IRAQIS CLOSE ROADS IN BID TO BLOCK GOVERNMENT
Electoral law proposed by president but elections could still take months
Protesters in Iraq set up barricades made of barbed wire and burning tyres yesterday as they kept up their pressure on the government to resign after weeks of mass demonstrations.
Demonstrators held up banners that read “Roads closed by order of the people”.
Trade Minister Mohammed Hashim Al Ani said the unloading of rice and food shipments at Umm Qasr was delayed after all streets leading to the port near the southern city of Basra were blocked.
Protesters blocked the roads on Saturday after security forces used live ammunition and tear gas. They also called for a strike that began yesterday.
Since the start of October tens of thousands of people have gathered in Baghdad’s Tahrir Square and in cities across southern Iraq to demand the resignation of the government and an end to the political system established after the 2003 US-led invasion.
The protests have grown despite an Iraqi official saying last week that Prime Minister Adel Abdul Mahdi was willing to resign once political leaders agreed on his replacement.
Mr Abdul Mahdi met security officials late on Saturday and stressed the need to uphold peace in the country and ensure the safety of protesters.
A new electoral law proposed by President Barham Salih will be put to politicians this week.
Mr Salih’s office said he met representatives of trade unions and civil organisations and “heard their demands and views on the protest movement”.
However, the process of holding elections and forming a new government could take several months.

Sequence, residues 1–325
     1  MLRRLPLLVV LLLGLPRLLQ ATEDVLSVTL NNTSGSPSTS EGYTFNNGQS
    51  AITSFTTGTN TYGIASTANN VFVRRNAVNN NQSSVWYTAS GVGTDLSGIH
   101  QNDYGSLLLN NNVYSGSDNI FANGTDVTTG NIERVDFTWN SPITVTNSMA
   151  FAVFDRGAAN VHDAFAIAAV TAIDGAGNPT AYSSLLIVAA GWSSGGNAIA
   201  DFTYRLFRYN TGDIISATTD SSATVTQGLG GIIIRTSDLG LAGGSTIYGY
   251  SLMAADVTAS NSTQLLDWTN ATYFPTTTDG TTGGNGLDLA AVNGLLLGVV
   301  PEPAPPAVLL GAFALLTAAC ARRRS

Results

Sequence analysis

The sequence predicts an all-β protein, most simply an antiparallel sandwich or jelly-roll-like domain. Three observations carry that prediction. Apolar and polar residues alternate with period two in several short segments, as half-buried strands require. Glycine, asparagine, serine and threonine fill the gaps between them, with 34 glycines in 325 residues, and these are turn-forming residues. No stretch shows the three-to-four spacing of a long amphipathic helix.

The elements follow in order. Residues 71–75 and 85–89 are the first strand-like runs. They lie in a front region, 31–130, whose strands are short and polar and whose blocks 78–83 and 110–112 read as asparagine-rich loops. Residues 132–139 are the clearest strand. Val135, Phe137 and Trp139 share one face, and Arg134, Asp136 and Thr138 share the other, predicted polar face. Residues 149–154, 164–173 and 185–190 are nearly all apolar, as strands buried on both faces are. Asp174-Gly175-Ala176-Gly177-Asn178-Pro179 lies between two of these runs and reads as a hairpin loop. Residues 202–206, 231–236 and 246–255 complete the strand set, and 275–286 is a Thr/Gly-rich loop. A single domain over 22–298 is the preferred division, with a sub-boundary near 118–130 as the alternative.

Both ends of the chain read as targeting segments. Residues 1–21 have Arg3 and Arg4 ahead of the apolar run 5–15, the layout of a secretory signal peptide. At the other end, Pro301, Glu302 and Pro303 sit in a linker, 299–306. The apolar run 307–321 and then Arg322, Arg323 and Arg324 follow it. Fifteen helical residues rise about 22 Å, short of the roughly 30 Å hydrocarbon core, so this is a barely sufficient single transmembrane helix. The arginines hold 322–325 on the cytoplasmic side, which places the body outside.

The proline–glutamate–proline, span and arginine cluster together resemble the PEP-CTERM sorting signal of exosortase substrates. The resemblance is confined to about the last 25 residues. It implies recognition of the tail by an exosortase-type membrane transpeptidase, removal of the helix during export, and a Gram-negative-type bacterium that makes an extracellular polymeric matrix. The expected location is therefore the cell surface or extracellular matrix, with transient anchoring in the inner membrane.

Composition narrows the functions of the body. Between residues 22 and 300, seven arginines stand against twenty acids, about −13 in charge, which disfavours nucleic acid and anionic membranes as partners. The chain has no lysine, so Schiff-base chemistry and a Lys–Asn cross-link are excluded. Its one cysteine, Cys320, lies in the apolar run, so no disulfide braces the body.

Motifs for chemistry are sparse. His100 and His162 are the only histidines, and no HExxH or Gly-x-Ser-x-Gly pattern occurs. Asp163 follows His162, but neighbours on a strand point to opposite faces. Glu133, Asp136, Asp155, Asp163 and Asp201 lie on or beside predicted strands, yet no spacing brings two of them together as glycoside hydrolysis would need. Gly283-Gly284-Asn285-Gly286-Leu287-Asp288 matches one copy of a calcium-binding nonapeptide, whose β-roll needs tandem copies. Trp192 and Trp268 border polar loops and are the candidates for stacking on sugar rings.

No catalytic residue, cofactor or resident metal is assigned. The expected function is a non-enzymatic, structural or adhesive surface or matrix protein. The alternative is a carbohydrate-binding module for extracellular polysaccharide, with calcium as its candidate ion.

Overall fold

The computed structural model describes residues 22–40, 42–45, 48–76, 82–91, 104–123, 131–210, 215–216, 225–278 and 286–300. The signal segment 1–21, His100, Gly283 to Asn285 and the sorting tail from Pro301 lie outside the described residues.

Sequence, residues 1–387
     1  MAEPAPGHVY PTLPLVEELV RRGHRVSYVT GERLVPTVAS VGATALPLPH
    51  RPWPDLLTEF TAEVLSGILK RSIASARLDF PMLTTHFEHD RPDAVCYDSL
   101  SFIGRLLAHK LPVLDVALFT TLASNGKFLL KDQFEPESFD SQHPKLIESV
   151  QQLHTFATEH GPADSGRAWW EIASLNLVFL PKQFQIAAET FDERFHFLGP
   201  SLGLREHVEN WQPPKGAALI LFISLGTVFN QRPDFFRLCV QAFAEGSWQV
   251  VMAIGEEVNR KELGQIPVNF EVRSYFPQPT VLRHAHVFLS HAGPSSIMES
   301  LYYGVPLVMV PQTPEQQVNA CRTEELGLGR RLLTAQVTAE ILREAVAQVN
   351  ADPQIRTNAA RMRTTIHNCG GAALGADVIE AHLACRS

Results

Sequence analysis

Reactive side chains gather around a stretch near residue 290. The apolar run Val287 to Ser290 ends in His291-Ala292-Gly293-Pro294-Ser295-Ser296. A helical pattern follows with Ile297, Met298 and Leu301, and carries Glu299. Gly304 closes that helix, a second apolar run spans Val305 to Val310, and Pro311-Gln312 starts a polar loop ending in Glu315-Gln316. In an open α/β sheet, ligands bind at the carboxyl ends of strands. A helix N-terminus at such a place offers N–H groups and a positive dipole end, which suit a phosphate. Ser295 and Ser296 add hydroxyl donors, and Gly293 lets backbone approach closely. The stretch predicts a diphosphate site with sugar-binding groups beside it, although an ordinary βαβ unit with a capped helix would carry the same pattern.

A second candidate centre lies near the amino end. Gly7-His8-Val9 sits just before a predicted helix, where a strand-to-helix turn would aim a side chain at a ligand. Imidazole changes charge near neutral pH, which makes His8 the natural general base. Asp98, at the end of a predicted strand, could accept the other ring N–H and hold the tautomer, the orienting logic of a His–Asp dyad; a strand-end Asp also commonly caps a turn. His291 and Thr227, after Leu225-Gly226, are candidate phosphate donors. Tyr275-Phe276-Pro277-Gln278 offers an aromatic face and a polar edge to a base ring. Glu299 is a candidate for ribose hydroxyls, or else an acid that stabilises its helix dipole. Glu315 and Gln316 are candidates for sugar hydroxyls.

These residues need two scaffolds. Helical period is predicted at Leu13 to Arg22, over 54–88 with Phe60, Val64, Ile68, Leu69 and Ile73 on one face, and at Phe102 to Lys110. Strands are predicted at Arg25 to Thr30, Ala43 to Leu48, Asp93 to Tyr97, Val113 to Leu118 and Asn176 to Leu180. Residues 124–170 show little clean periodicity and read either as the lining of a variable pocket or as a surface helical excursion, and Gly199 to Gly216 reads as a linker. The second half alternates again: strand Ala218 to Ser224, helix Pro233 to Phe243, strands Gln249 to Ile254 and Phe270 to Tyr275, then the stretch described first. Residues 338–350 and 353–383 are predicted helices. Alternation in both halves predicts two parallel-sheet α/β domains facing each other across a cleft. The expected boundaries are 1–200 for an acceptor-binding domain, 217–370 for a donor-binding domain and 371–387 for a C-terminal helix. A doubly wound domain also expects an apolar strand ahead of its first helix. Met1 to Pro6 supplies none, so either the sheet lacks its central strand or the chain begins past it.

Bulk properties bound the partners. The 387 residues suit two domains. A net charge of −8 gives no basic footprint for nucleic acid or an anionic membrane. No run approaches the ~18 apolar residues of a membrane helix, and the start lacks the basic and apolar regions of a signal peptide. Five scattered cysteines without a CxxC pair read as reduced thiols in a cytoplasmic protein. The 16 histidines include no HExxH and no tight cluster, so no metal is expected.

Most protesters are young men and women below the age of 30 who grew up in the era that came after long-time dictator Saddam Hussein was toppled in the 2003 invasion.
They are angry at the government’s failure to end corruption and provide them with public services and job opportunities.
The protests have been met with violence from security forces and officially recognised Iran-backed militias known as the Haashed Al Shaabi, with more than 250 protesters killed and thousands injured since the rallies began on October 1.
The Iraqi Human Rights Commission said yesterday that Saba Al Mahdawi, a doctor and activist, was kidnapped on Saturday night after treating protesters in Baghdad.
It urged security forces to investigate the matter and other kidnappings in recent weeks.
Dr Al Mahdawi’s mother begged authorities to help bring her daughter home safely in a video posted on social media. She said her daughter was not affiliated to any political group.
Women are always the first targets of extremists during times of protests and conflict, Rasha Al Aqeedi, editor-in-charge of the Irfaa Sawtak news outlet, said on Twitter.
“Intimidating others in hopes of killing the vibe is the goal,” Ms Al Aqeedi said.
She called on the government to do all it can to ensure Dr Al Mahdawi’s safe return.
Protesters are demanding the resignation of the government